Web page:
Friday, October 04, 2013

Question: This? That? The other?

We authors query a novel to multiple agents simultaneously--standard practice.   What is the etiquette status of querying multiple agents with different projects?  Fr'example, I query Agent A with my Regency Romance and Agent B with my epic Fantasy and Agent C with my YA.  At the same time.  Both books are complete and polished.   Is this acceptable practice, or considered a no-no?

I'm wondering about the level of awkwardness in informing an agent that another agent has offered representation on a different project.

No, I haven't been foolish enough to do this, though the temptation tugs at the corners of my soul. Curse these finished books looking for homes.

You can query any agent with any project you want. There are no Query Police to enforce my ideas about what you should do. (One of the many things I will attend to when crowned Queen of the Known Universe, of course.)

But your question assumes a fact not in evidence:  you can write at a publishable level in not just one category but three.

I don't think that's possible. Not for a debut writer.

And if you point to authors who do that (and there are some) I'm going to ask you to look carefully at whether they wrote all those books at the same time, or started after they had an established career.

I'm not saying you shouldn't try your hand at several categories. Write what you love and let the chips fall where they may.

BUT when you get ready to query, you're asking to have your work considered not as a passion project but a publishable book.  To know if your book is publishable you need to know the category VERY well. That means reading, and paying attention to what's selling, and what's not.  Unless you've cloned yourself or figured out how to add six hours to every 24-hour day, you simply don't have enough time to do that for more than one category.  If you're the parent of children still at home, hold down a job, and don't want your spouse to forget your face, you have even less time than those of us who eschew having a real life.

There's an understandable urge to query and just see what happens. I strongly urge you not to do this to yourself. Hearing a raft of No or worse, deafening silence is hard under the best of circumstances. Doing it for three books at once would wound the strongest creative soul.

The answer to your question is: yes you can.
My fervent hope is you may not.


Christie Murillo said...

Very helpful information-thanks for this! Question: should you mention in a query that you have more than one completed project? For example, I have 2 YAs and I am querying the stronger one. Do I mention the other or only if an agent is interested? This info is on my blog but you never know if an agent looks you up in the query stage...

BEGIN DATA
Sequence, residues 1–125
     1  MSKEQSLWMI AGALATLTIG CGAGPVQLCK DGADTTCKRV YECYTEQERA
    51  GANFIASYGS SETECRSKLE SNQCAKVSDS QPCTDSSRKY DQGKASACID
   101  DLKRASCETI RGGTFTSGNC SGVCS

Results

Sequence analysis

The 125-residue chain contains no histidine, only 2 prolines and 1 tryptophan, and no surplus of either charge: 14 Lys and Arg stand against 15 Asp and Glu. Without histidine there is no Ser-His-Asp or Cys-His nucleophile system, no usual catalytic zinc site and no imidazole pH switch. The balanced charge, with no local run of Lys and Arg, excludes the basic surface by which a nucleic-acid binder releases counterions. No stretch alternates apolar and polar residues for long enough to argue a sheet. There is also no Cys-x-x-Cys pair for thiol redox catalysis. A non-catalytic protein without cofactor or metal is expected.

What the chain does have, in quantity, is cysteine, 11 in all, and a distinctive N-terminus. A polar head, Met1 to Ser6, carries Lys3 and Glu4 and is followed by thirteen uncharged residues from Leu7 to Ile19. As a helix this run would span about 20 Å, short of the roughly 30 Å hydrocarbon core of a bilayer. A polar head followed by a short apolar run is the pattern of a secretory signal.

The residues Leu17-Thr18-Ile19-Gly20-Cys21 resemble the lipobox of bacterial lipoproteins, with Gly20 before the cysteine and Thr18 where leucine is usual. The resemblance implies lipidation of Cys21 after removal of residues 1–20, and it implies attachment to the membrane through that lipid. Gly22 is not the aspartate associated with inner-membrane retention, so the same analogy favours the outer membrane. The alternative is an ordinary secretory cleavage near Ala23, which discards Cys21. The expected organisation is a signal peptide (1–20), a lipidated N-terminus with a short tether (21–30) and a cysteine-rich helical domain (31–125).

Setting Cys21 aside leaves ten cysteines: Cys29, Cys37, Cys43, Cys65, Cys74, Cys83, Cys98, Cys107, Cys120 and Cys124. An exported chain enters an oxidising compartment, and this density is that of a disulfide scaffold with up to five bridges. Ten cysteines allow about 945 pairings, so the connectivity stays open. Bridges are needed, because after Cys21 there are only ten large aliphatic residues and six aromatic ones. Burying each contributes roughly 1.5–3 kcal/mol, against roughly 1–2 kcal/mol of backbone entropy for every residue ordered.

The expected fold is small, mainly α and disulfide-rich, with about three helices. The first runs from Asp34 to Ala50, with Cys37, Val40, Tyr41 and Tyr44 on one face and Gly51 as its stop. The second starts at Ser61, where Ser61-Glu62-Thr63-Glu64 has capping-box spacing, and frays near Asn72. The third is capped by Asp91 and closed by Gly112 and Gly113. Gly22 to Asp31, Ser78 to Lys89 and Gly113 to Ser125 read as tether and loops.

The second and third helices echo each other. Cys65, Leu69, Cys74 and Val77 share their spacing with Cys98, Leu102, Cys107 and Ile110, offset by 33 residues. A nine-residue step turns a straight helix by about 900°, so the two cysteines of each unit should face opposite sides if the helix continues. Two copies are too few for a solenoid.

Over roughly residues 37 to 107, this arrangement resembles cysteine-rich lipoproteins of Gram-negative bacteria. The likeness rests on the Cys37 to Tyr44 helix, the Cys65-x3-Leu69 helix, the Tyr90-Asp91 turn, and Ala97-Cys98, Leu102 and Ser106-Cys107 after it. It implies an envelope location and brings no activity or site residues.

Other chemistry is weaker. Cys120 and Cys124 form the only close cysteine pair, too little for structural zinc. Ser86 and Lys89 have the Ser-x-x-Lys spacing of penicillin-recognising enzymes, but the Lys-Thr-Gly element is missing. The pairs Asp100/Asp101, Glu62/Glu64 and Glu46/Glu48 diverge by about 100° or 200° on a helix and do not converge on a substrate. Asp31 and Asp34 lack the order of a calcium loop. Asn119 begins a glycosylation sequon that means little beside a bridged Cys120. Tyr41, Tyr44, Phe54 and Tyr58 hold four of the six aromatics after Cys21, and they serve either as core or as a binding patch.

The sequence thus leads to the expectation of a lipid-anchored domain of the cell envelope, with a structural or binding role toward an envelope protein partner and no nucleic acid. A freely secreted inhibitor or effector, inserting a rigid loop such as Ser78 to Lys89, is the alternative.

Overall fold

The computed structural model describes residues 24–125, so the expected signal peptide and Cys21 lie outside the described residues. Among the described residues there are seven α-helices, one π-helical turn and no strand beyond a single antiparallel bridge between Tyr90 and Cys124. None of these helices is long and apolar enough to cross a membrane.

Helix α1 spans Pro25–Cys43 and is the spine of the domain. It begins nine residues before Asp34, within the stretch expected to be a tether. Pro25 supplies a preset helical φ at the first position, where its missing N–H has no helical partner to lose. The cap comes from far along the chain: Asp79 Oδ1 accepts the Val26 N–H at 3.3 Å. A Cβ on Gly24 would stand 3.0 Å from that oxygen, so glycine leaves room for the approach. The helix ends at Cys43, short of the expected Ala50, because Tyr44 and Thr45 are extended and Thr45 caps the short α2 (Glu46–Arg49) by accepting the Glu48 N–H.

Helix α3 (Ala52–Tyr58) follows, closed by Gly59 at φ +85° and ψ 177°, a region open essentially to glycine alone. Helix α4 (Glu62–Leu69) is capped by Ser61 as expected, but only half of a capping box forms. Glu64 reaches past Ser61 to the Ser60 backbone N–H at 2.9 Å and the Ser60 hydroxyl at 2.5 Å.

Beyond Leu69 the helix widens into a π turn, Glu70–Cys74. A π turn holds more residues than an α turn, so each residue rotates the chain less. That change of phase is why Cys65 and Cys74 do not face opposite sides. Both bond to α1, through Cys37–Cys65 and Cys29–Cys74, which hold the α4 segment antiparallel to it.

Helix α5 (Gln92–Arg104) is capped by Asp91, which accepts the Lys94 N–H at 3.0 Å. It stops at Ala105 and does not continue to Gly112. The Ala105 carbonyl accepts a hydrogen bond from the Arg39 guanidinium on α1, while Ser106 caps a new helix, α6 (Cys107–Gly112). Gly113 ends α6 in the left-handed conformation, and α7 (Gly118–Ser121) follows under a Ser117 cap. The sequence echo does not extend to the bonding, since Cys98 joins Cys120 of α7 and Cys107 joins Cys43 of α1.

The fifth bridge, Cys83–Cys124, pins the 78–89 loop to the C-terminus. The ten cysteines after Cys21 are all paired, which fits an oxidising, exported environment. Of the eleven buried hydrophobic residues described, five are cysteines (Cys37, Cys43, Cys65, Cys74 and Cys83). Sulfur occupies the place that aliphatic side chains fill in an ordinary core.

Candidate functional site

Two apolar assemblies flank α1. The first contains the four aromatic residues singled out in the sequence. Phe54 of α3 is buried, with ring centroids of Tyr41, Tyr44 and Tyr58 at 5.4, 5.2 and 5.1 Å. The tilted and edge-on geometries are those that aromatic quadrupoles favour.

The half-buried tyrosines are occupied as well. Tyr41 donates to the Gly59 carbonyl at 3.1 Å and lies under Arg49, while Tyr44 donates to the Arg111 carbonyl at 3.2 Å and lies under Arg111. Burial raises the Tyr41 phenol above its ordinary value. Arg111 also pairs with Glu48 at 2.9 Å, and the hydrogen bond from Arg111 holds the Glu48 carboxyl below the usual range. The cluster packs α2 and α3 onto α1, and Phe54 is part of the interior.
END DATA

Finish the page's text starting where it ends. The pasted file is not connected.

Colin Smith said...

I wonder if the questioner shares the concern of a previous questioner that a single agent won't be able (or would be unwilling) to represent an author who is unable (or unwilling) to stick to a single genre. We know agents specialize, and that often leads us to think that a "YA Agent" won't represent my Adult Thriller, so I have to find separate agents for both.

You addressed this question before. And I think the answer is: query your best work, and discuss your career with the agent who calls you. As I understand it, agents represent authors, not books. They want you for your career, wherever that goes, because they believe in you as a writer. Yes, they want you to write in the genre they know best and for that reason, you query your best novel to the agent that best represents that genre. But that doesn't mean that same agent won't represent you for anything else you've done.

Janet Reid said...

Christie, the general rule of thumb is focus on one book per query. You don't have a lot of space in a query. Concentrate on showing off the best book you've got.

Sometimes it feels like authors offer books the way the linen dealer offered prices Casablanca

DK said...

Wouldn't you rather be Queen of the Unknown Universe?

BP said...

Love the Casablanca clip - that's international market heckling at large! :D We've had the same water bottle sold to us for 3, 2 and $1 in the grand space of a minute. ;D

What about writing across formats, not genres (ie novels, screenplays, poetry, etc.)? I like it and it seems to give my restless mind something to feast on erstwhile stupid plot holes and format limitations get my goat.

Anonymous said...

"Doing it for three books at once would wound the strongest creative soul."

(The shark dropping gold nuggets again. Where are your pockets?)

I pictured how this could go...the waiting, the nervous refreshing of the email account, more waiting. Weeks go by. The awareness that all three books, maybe years of work, the possibility of never hearing a word. All that work... and no responses. It would be sickening (to me anyway)

Janet Reid said...

DK, well ALL of the universes known and unknown really, but I'm starting with a reasonable goal: Ruler of the KNOWN Universe.

Also, get off my lawn, whippersnappers!

NotaWarriorPrincess said...

So, you're saying if I look in the mirror and I do NOT see Ursula Le Guin looking back at me, I should probably not do this? Ok.

That said, I fully intend to inundate my agent with various genres other than the one I'm working on now (seriously, how much "bio" does one person get to "graph," especially if it's of the "auto" type?), as soon as we are both rolling in bucks from said agent's mad selling skillz.

Anonymous said...

Kudos to the writer able to multi-tasks at this level; I’m walk-and-gum-chew-challenged. Can’t imagine a multi-query situation.

Janet Reid said...

NotA, well, sure, once the auto is driven to the destination, you get to update your bio with new work. But that's sequential, not simultaneous. My interpretation of the question was simultaneous queries.